KVANDAL: Fugue for String Quartet. String Quartets Nos. 1-3. 2 Norwegian Dances / Engegård Quartet / Lawo LWC1253
This is exactly the kind of CD I most enjoy reviewing, interesting works I’ve never heard before by a composer I didn’t even know existed. David Johan Kvandal was born in Kristiana on September 8, 1919, studied conducting and organ at the Oslo Conservatory, then composition with Joseph Marx and Nadia Boulanger. He worked as a music critic for two Norwegian newspapers as well as an organist at the Välenengen Church in Oslo. Wikipedia (my principal source for this info) tells us that many of his works “utilize folk elements,” but other sides point out the strong influences of Bartók and Stravinsky on his music. Near the end of his life, he apparently write a major opera based on a surrealist novel, Mysterier, but like so many quality operas by modern composers, there is no recording of it. Kvandal died in 1999.
This wonderful CD presents his complete string quartets, three full ones plus a fugue for that combination which he wrote in 1946, when he was 27 years old, and two Norwegian dances. My initial impression of this fugue was that it seemed to combine a melody that could have been drawn from Norwegian folk music with the principles of Bartók. I say “could have been” for thre reasons: 1) I was not provided a booklet with this download, 2) I’m clearly not Norwegian and thus unfamiliar with most folk music of that country, and 3) the harmonies are rather unusual, and my limited experience tells me that Norwegian folk music, mostly that which I know through the music of Edvard Grieg, does not use this kind of harmony. But the “Allegro” first movement of the first string quartet does sound like something that came out of Grieg, thus possibly from his native folk music. It is a jaunty tune that he treats with equally jaunty countermelodies from the other three instruments as the first violin concentrates on his folk-like tune. The music is cleverly developed as well. Indeed, resolutely tonal folk-like melodies dominate this first quartet although there are some unusual falling chromatics in the second movement. Like many slow movements in symphonies and string quartets, there is a faster section in the midst of this slow movement, but this one is unusual in that it is very fast, even faster that the first movement, and quite complex in its construction. When Kvandal returns to a slow pace, the music seems quite different: even slower, much quieter and almost dirge-like in feeling. This gives the quartet a certain feeling of gravitas which, up to that point, it had lacked, and from this point on the movement is not only much deeper but more interesting. Alas, the final two movements are rather shallow music.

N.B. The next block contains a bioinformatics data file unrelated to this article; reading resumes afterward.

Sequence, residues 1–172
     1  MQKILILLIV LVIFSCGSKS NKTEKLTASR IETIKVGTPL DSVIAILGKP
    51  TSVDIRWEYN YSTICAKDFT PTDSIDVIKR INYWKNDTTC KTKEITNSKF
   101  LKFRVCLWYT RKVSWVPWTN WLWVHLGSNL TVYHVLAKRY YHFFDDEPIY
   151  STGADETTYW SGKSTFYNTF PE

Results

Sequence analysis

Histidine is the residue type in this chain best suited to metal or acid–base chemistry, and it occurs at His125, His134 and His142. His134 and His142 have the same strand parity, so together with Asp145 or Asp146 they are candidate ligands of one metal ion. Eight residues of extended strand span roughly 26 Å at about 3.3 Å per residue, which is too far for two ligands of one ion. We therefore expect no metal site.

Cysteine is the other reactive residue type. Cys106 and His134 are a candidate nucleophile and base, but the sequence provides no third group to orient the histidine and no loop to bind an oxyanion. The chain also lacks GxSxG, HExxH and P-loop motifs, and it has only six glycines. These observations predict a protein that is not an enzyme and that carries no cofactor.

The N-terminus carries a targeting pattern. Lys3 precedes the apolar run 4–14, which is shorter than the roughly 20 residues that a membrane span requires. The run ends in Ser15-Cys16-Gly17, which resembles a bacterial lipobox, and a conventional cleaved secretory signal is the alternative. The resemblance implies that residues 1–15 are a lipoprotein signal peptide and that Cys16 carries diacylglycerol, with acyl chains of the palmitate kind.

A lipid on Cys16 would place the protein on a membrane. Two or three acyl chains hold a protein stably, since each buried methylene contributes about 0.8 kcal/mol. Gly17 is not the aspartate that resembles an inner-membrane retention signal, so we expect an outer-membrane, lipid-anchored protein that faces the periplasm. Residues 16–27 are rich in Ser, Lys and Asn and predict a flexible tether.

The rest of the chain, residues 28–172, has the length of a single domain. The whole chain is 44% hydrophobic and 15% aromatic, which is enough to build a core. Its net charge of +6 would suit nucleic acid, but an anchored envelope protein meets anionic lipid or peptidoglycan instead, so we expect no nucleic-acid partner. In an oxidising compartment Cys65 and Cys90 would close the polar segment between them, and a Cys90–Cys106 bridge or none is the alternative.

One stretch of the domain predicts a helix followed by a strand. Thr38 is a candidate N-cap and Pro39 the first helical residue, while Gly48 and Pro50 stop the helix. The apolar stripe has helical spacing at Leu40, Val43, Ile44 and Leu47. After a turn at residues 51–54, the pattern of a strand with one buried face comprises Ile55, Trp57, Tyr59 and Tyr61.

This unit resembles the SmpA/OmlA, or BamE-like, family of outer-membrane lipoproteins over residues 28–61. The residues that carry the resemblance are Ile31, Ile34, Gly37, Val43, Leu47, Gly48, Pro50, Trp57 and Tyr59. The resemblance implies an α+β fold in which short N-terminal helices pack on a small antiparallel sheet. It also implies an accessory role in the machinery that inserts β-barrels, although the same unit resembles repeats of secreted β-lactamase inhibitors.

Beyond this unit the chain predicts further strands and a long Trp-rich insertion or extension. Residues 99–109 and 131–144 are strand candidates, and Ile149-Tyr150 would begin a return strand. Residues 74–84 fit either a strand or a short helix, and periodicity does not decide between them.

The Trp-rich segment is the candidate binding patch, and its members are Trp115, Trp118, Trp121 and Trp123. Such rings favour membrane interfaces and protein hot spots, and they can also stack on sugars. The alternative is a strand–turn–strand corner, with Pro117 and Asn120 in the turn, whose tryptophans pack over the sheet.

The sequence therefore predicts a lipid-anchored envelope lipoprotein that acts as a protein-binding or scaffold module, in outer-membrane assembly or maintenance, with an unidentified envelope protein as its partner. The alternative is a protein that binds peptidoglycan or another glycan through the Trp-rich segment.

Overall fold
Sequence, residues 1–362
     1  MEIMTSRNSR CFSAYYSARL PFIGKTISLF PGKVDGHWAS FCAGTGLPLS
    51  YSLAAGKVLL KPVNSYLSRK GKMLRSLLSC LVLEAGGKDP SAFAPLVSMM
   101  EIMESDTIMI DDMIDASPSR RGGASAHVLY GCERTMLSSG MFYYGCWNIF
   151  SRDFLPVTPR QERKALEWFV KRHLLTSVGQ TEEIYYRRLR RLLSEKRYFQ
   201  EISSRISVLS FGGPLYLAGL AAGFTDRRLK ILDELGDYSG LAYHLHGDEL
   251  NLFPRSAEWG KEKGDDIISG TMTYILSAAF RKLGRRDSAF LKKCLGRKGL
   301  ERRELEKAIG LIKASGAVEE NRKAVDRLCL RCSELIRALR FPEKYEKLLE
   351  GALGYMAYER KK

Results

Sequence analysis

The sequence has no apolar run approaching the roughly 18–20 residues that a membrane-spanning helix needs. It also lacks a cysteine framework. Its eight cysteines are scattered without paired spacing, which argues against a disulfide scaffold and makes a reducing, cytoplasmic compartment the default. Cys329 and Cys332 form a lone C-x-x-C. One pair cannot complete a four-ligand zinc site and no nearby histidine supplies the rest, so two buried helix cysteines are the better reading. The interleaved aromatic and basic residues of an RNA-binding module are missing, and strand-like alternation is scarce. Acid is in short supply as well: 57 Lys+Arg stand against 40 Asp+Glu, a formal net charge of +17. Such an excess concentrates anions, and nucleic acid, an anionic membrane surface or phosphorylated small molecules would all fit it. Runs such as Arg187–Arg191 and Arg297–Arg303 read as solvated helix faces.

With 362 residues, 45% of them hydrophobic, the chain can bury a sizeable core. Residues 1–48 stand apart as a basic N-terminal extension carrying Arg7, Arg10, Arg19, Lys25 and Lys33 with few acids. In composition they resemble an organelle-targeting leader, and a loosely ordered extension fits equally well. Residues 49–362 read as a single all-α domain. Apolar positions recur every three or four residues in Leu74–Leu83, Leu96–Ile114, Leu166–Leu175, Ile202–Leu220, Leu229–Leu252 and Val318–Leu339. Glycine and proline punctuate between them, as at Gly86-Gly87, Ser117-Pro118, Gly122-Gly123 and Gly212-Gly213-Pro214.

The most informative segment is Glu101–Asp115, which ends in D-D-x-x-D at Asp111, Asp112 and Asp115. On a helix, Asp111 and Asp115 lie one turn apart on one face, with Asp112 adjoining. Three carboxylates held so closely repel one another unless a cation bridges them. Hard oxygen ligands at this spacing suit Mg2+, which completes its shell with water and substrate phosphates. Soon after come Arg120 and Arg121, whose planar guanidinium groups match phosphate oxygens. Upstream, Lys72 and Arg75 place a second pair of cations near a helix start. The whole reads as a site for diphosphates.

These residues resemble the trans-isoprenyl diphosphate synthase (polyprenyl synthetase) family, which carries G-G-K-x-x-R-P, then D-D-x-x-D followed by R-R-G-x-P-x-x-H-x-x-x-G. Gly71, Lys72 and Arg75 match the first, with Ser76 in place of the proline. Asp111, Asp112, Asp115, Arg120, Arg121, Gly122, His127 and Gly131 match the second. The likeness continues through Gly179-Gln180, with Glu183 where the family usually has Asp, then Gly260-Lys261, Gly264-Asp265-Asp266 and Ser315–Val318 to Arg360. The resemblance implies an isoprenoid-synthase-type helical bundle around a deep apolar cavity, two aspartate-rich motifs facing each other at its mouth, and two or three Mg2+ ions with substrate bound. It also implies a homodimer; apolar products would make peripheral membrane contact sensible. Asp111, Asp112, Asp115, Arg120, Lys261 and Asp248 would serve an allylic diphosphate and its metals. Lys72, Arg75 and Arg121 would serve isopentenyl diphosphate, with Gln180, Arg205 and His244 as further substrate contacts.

Yet this quartet does not prepare you for the much deeper, more serious and more complex second quartet, which is truly a masterpiece. Kvandal obviously evolved quite a bit between his Opp. 27 (the first quartet) and 44 (his second), for this is extremely high-quality music that is deep but not harmonically so forbidding that it would turn off the average listener (though it may challenge him or her). The movements are also linked in such a way that they present not so much a continuity of musical thought as an evolution of it, the music being tied together by mutual keys and, despite the differences in tempo and themes, a general feeling. Note, for instance, how the slow sections of the second movement tie into the slow music of the first, then also how Kvandal moves both his musical pieces and emotional feelings around like chessmen on a board. This is truly excellent music.
With the 2 Norwegian Dances we are back in Happy Land, tuneful and meant to appeal to the masses, but this time with some interesting chord positions that remove the root note and thus make the harmony sound in flux rather than settled.
The third quartet, Op. 60, is another serious work that lies harmonically somewhere between the first and second quartets—not as resolutely tonal as the first but not quite as adventurous as the second—yet it, too, is extremely well thought out and knitted together in its own way. I would also characterize this one as a masterwork simply because of the brilliant way that Kvandal handles his musical materials. He clearly knew what he was doing as a composer, and if he occasionally played to the gallery he at least did so with a certain amount of dignity, as did Nikos Skalkottas.
My impression of Kvandal, based on this small sample size, is of a good composer who occasionally touched greatness. Without much further evidence, I will have to leave it there, but at least these quartets give one a good impression of what he was capable of. Not quite as good as Bartók, but clearly not a Korngold.
—© 2023 Lynn René Bayley
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